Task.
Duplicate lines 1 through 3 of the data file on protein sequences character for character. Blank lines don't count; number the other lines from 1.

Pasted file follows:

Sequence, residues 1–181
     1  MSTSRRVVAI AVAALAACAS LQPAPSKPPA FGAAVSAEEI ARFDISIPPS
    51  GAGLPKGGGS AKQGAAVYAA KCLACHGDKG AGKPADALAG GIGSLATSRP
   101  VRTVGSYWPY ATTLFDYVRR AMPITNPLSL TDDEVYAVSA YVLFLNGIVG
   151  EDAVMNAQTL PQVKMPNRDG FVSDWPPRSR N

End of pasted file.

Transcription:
Sequence, residues 1–181
     1  MSTSRRVVAI AVAALAACAS LQPAPSKPPA FGAAVSAEEI ARFDISIPPS
    51  GAGLPKGGGS AKQGAAVYAA KCLACHGDKG AGKPADALAG GIGSLATSRP